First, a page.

|Hui guang zoumingqu 2014 Taiwan Exit|
Exit almost goes beyond the "watching paint dry" velocity of Tsai's films and into "watching paint weather and rot" tempo. The cinematography is smooth and creative, almost Doyle-y: like filming someone through a plant, down the hall, reflected off a mirror. There's free form surreal blurry stuff at an important point.
That's where the good stuff ends, for me. This is misery porn. Her daughter hates her; her out-of-town husband won't accept her calls; she loses her job; her sewing machine breaks; her water stops running; the deadbolt on her front door doesn't work. On and on. And on top of that, the director gives her early onset menopause and declares that's what the film is about!
I could be okay with all that. The misery is juxtaposed to her menopausal reawakening of desire. An odd juxtaposition, but there you have it. What spoiled the film for me was the soundtrack. The reawakening is linked to and escorted by a Tango. I don't know if it was the particular piece that didn't work, or if it was the way it was used. Suggesting the latter, Chen's tango partner has a breathing problem. There's too many long scenes of listening to him whimper and breathe laboriously. All this adds up to a film that feels more assembled to annoy than grown organically.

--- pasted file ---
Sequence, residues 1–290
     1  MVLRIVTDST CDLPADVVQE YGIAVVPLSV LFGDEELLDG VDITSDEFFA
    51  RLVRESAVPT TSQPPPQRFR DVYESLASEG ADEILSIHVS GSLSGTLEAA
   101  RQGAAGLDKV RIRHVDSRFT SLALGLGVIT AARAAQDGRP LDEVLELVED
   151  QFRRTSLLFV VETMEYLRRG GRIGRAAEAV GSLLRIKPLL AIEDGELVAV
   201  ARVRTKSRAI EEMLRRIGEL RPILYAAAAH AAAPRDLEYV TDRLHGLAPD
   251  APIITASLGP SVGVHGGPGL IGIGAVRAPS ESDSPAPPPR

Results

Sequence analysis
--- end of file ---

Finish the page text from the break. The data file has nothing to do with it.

Exit isn't meant to be a pleasant film. There's a lot to admire, but I didn't enjoy it.
Summary: Ling (Chen), a Taiwanese woman in her forties has just lost her job in a garment factory. She spends most of her time taking care of her hospital-bound mother- in-law. Her absent husband, working in Mainland China, never returns her calls and her rebellious teenage daughter pays no attention to her. Frustrated and weary, Ling is unexpectedly diagnosed with early-onset menopause after noticing her periods have stopped. Desperate to escape her mundane life, she becomes aware of an injured man with bandaged eyes in the hospital bed opposite her mother-in-law. Her increasingly intimate interactions with this stranger promise to rekindle Ling's dormant desire, leading to a series of out-of-character episodes. Flashed with moments of black humour, EXIT is a genuine portrait of a woman trapped between two generations, struggling between tradition and modern society.